Achieving that management position on Bon Jovi’s tour ended up changing Bryan’s life in ways he could never imagine, leaving him with unforgettable memories and experiences that would shape him and his career moving forward. It is no surprise, as Bon Jovi is one of the most famous, beloved and recognizable rock stars of an era.
“Being on that tour completely forced me to come out of my comfort zone,” Bryan expands. “I had just held a desk job for the past 5 years. Now I have 16+ hour days, traveling all the time, living in hotel rooms and venues, and higher working standards than I had ever experienced.”
“Being able to embrace that made it one of the most rewarding experiences I’ve ever had,” he explained. “I got to visit dozens of cities around the world, witness crowds upwards of 75,000 at times, and work closely with people at the highest level of touring. I left with memories I’ll probably never experience again, but will always remember.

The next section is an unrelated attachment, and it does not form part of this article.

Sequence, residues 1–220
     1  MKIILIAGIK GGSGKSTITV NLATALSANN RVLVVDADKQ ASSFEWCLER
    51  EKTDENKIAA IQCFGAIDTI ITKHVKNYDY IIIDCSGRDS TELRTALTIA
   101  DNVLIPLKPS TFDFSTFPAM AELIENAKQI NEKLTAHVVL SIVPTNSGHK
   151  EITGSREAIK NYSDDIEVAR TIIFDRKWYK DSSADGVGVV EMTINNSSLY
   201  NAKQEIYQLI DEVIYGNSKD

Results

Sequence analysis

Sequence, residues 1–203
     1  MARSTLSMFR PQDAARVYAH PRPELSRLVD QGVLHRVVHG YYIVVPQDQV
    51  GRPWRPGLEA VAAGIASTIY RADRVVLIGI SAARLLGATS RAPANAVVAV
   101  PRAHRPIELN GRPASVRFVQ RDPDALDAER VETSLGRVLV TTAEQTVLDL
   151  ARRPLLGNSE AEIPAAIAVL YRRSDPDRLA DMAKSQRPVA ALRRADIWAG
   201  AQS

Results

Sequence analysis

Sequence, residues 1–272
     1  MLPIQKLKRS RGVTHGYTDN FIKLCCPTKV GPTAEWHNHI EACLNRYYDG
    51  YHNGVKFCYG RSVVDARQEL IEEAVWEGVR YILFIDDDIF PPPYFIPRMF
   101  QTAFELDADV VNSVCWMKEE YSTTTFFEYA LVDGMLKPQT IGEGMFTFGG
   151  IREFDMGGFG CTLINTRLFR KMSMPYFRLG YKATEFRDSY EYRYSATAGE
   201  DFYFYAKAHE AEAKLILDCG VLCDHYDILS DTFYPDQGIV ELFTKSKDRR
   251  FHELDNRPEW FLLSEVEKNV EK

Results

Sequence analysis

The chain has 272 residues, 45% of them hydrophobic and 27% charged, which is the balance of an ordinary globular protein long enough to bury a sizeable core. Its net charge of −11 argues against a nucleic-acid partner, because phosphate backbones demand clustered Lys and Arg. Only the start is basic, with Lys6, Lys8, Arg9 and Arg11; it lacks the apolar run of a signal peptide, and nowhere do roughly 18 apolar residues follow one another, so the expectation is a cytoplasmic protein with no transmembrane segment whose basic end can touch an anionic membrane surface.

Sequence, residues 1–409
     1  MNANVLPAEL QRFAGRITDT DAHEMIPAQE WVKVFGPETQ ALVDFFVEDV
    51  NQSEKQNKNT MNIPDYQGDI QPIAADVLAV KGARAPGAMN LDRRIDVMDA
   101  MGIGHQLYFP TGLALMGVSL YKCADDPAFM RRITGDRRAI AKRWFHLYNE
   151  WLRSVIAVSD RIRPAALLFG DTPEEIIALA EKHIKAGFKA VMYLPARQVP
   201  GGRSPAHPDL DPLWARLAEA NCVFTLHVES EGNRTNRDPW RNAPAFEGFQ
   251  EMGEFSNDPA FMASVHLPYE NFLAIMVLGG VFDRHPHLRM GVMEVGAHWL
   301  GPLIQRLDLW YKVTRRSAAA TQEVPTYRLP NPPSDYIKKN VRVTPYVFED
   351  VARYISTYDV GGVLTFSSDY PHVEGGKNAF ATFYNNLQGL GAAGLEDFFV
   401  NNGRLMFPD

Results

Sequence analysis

Being a tour manager involves a myriad of wonderful and unforgettable experiences, but it undoubtedly is a stressful job as as well. Being in charge of making sure each show on tour runs smoothly requires superior organizational, communication and problem solving skills, adaptability and an abundance of patience, especially during times where a problem arises, or when things don’t go as planned.
“I think the best way to avoid problems and stress on a tour is to get information well in advance, and communicate heavily with everyone I work with,” Bryan said. ” I try to touch base with each show 3-4 weeks in advance and spend as much time as needed outlining our expectations and negotiating, what we can actually expect them to provide. Then I turn around and distribute that information to my band and crew, making updates as soon as they come in.”